New Lease of Death is a relatively early Ruth Rendell novel, although Chief Inspector Wexford is already middle-aged and jowly. First published in 1967 and reprinted many times since, it is a fascinating period piece. It vividly describes a post-war England that is familiar to many – class-ridden, hidebound and generous only to those who obey the rules; still crime-writing territory for some authors, it has long since vanished. I’m not just talking about the topography, the clothes or the vehicles, but the outlook and mores of the characters. Without giving too much away, the plot hinges on the covering-up of an indiscretion which today would be regarded as neither shameful nor indiscreet.
All the later Rendell hallmarks are there: the cynicism yet essential decency of Wexford and Burden; the intricately-created family relationships; the credible twists of plot, the unspoken secrets. With hindsight, I’d say that one or two elements of the novel lack the sureness of touch that the author develops in her later work. What I found hardest to swallow was why Irene Painter’s second husband, Tom Kershaw, the delightful amateur polymath and full-time optimist, would ever have wanted to marry such a dreary, desiccated, sexless woman in the first place. More credible, but still jarring to the modern reader, is the busybodying intervention of the pious Reverend Archery. Nowadays he would be regarded as a prurient hypocrite whose son would have laughed him to scorn, but it is just possible that, when Rendell was writing in 1967, she intended the reader to take him at face value.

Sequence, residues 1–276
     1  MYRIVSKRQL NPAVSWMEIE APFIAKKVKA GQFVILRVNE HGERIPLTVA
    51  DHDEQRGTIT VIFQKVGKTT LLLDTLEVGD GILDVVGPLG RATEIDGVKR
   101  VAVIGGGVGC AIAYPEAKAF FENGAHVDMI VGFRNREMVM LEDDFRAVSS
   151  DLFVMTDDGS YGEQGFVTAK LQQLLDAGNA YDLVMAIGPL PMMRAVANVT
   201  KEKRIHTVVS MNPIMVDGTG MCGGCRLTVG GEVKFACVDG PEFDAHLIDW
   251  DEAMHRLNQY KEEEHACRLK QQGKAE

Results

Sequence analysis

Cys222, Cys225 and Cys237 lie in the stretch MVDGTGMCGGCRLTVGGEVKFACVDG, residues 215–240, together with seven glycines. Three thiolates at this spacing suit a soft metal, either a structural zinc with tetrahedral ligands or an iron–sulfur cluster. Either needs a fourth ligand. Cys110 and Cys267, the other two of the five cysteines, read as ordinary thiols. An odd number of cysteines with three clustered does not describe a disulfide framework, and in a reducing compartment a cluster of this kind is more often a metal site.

New Lease of Death is a period piece, but none the less enchanting for that. It is an undemanding good read, to be kept for cold nights on the same shelf as Agatha Christie and Ngaio Marsh.